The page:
Moving Forward

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I know writing about politics isn’t my forte. I realize that a lot of the things I’ll say here have been said already. But after two days of thinking, talking to myself (as any self-respecting writer would), and watching people react to the election results, I thought I’d go mad if I didn’t say anything.

Now please keep in mind, what I’m about to say is based on what I believe. If I’m wrong, I’m wrong. If we agree, we have something in common. If we don’t, we can both get over it. With that said, here are my thoughts.

Like nearly all of Clinton’s supporters, I was disappointed when I found out the results. Even though I wasn’t her biggest fan, I believed she was our best chance of saying no to a lot of the things Trump advertised in his campaign. For me, the Clinton vs. Trump campaign was never just about Democrats vs. Republicans. The election as a whole certainly started that way, but as time wore on it became much more personal than that for everyone involved. By voting for Clinton, I voted to say yes to feminism, yes to racial diversity, yes to immigration, yes to equality, yes to civil rights, and yes to unconditional love. Again, if you disagree with this decision or the way I viewed my vote, that’s your right.

When Wednesday morning came, the weight of the whole thing didn’t hit me until after I got to work. What does this mean for the future of my friends and family? What does this mean for the school I love that thrives on celebrating diversity and culture? What does this mean for my friends, former classmates, and co-workers who are Latino, African-American, Asian, LGBTQ, or disabled? What does this mean for the people who moved here from different countries that decided they liked America enough to stay? What does this mean for my friends who were harassed and/or raped? What does this mean for our future generations?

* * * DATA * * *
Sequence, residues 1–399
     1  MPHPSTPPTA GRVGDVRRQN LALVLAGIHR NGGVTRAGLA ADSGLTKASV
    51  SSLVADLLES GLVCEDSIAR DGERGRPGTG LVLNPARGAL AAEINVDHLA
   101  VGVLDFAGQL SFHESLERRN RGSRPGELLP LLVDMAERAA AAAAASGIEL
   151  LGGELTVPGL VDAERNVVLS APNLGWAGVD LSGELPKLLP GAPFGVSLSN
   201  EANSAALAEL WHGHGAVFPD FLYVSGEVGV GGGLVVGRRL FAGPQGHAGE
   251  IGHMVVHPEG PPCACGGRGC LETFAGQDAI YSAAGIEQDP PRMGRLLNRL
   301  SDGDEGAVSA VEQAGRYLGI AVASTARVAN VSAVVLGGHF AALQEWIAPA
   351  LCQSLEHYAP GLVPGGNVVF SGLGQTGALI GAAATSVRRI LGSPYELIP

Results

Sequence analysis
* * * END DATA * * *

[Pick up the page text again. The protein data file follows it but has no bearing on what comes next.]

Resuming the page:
As the day unfolded and our sadness turned to anger, it seemed like everything went from bad to worse. Say what you will about the reactions from both sides of the argument, but frankly I found neither of them hopeful or encouraging. While some Clinton supporters burned American flags and swore to leave, some Trump supporters ripped a hijab away from a Muslim woman without warning or consent and put a sign on a gay couple’s car reading “I look forward to seeing your marriage dissolve, #Godbless.” And at the time I’m writing this, it’s only the end of Day 2.

I won’t lie, I’m still tired. I’m still sad. I’m still angry. I’m still disappointed. But as an American citizen who wants to see a better world for everyone, giving up is a luxury we can’t afford. Obama, Clinton, Sanders, and other government officials have all promised to keep working to make America a better country than the one we woke up to just a few days ago. And even if they won’t, we still can. It starts with us as individuals and groups promising to do our part to make the world a safer place to live in.